spellings of the word "colour".
"put up with". You may not like it, but if you accept and use American
orthography (use in general), then you are Americanised to a degree.
I hate to say this, but you're
beginning to remind me of a
individual (sorry, "White Nationalist") who believed Wikipedia was run
by a Zionist Conspiracy of Jews, with the unaware support of "useful
idiots". I am not a "useful idiot" of either a Jewish or an American
conspiracy, I am an individual who tries to examine propositions
logically and reach his own conclusions.
That is a disgusting and pathetic insinuation to make, and makes your
declaration of trying to examine propositions logically, laughable.
You have already proven that you have flawed logic by deploying a logical
fallacy in your rather pretentious "thought experiment", which was a total
It is not morally wrong to be patriotic; it does not make you a fascist -
what If I told you I was Jewish-Scottish-British, would that make you look
like an idiot?
It is not morally wrong to campaign for equality for English with
There is a section of society that wants to make people feel wrong and
embarrassed about preserving what's good about Britain. If we yielded to
that tyranny, then we may as well fold away our flags, and have
American-English taught in our primary schools, and consign everything in
English English to museums and skips, and apply to become the 51st state.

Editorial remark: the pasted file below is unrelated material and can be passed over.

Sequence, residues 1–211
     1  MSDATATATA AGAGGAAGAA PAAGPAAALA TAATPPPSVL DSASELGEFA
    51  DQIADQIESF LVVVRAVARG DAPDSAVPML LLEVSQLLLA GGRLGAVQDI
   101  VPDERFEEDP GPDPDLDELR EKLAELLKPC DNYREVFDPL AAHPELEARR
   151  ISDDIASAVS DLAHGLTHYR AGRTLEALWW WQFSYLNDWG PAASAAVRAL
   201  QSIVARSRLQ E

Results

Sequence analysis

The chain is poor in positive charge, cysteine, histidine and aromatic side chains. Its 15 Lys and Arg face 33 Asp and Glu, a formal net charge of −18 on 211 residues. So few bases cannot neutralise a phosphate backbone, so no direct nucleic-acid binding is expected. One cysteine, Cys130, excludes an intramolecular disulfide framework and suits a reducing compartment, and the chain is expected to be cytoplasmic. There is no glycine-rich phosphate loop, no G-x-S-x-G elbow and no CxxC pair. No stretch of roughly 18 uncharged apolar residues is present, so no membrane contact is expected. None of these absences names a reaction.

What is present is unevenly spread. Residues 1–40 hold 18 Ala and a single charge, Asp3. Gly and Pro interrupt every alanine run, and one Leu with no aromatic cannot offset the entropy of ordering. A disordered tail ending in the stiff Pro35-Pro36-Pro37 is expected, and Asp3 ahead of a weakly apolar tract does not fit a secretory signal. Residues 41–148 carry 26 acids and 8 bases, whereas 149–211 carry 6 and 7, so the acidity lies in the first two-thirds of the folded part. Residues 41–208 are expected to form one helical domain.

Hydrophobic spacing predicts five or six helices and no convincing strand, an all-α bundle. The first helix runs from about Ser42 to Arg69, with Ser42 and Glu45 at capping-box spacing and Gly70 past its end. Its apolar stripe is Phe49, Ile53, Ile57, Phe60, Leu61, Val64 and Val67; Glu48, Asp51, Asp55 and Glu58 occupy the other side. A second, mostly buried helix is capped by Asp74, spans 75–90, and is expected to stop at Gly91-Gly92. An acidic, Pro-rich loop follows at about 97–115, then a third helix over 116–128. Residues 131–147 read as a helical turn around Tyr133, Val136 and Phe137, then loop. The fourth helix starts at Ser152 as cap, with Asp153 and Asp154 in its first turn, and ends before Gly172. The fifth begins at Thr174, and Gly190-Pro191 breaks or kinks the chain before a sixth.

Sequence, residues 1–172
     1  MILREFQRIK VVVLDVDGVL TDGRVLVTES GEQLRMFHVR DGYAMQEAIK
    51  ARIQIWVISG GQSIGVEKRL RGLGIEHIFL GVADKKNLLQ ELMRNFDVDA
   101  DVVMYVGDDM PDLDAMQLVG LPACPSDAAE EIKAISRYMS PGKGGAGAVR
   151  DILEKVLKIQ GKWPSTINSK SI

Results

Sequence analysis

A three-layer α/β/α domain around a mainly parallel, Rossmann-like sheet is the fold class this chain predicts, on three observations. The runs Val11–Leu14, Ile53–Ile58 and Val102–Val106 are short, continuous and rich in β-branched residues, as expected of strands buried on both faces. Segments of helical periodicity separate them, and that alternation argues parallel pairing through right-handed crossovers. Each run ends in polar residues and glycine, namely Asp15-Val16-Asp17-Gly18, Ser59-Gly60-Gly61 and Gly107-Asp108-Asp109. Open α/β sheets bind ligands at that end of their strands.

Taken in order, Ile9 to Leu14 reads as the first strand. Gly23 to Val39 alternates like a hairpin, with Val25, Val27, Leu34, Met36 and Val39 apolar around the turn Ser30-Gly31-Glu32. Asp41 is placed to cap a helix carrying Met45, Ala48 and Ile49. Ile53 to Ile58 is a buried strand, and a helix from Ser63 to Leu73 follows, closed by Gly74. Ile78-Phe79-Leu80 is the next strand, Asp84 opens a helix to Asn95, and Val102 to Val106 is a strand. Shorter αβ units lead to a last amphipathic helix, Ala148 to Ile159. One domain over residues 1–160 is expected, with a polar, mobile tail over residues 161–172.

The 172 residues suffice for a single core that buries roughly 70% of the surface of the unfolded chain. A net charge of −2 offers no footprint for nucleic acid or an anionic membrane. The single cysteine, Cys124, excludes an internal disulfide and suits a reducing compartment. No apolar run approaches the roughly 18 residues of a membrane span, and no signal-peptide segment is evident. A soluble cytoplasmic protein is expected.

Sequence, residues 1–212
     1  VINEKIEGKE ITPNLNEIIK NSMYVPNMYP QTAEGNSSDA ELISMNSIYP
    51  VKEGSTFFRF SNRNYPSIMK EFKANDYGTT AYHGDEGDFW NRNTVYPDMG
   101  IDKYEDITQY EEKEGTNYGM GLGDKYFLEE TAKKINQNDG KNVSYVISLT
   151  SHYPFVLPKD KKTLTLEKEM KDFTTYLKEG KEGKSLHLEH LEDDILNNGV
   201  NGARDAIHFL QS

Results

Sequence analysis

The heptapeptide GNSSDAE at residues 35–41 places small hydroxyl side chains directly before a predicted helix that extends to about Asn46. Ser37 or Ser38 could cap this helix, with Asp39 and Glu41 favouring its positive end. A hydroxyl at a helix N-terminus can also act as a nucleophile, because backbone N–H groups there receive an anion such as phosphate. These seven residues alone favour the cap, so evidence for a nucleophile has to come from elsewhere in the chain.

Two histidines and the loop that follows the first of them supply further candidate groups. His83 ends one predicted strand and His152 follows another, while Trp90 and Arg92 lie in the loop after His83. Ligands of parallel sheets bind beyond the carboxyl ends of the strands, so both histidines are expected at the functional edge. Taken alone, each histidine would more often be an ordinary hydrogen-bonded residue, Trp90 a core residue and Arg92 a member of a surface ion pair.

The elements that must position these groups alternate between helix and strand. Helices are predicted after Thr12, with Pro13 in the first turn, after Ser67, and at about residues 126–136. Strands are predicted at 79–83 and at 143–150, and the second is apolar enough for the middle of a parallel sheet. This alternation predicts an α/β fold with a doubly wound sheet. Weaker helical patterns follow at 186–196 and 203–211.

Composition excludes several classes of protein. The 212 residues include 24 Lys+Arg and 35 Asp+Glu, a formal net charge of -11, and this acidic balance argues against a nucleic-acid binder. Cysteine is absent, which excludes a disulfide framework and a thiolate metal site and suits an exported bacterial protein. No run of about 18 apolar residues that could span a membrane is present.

Why should we? Why should we accept Americanisation? Why should we accept
the abolishment of Britain? Why should we be ashamed and embarressed of who
This is not any kind of extremism, it's asking for the same service that
everyone else gets - the same treatment for our language as the Norwegians
get for theirs. It's not wrong, it's not daft, it's not unreasonable.
That rant over, I would characterise it more as you coming and saying
"I'm against all of you" than us saying
"we're all against you" - you
and this is more "logical examination of proposals"?!
I'm not "against all of you", I'm against unfairness, which is
what this is about. Inaccuracy is also the other major issue, on top of
that, there's a lack of consistency.
I've included evidence in this response, because there are too many
irrational, unreasonable, and unsubstantiated rebuttles to my proposal.
There are double standards present, and it's against what I believe
Wikipedia is all about.
"back up your articles" it says... and so I am.
have yet to prove that there is even an issue to solve (except
inasmuch as it is stopping you from contributing; and
the more I hear
of your biases, the less of a problem that seems).
I'm biased towards fairness; you appear to be biased towards something
Rowan Collins BSc